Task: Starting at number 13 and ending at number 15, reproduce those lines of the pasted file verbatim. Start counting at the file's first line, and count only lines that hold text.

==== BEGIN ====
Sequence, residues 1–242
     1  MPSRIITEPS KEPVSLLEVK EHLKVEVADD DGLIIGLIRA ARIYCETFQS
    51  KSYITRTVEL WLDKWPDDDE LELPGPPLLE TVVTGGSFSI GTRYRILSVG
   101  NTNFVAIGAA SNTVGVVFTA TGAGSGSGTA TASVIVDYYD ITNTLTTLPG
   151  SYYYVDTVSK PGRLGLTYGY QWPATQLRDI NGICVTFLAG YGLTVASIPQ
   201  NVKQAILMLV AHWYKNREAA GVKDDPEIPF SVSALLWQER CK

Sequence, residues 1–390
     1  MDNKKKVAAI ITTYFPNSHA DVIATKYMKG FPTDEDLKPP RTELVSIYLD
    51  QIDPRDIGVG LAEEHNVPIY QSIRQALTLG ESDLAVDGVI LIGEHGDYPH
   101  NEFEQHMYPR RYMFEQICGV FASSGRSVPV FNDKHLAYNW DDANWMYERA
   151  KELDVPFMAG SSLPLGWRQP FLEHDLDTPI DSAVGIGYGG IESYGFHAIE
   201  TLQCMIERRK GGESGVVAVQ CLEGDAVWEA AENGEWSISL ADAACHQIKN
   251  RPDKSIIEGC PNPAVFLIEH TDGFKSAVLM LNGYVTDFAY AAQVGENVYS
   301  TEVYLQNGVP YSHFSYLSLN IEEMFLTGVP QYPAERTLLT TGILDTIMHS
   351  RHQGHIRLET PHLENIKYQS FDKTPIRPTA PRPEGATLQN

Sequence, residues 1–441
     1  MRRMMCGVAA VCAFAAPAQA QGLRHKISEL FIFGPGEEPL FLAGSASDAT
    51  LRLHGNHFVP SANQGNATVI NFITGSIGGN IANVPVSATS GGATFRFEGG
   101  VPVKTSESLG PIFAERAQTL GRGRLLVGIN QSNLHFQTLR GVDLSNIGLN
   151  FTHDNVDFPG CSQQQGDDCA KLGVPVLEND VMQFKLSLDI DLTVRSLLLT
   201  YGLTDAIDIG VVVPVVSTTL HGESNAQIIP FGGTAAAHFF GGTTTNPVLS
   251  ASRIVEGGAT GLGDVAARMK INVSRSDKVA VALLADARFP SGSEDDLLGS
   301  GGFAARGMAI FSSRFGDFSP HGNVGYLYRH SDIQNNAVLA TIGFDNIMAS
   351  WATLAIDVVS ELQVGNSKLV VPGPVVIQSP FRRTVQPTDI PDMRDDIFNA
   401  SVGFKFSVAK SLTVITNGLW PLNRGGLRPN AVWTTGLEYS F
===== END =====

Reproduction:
   251  RPDKSIIEGC PNPAVFLIEH TDGFKSAVLM LNGYVTDFAY AAQVGENVYS
   301  TEVYLQNGVP YSHFSYLSLN IEEMFLTGVP QYPAERTLLT TGILDTIMHS
   351  RHQGHIRLET PHLENIKYQS FDKTPIRPTA PRPEGATLQN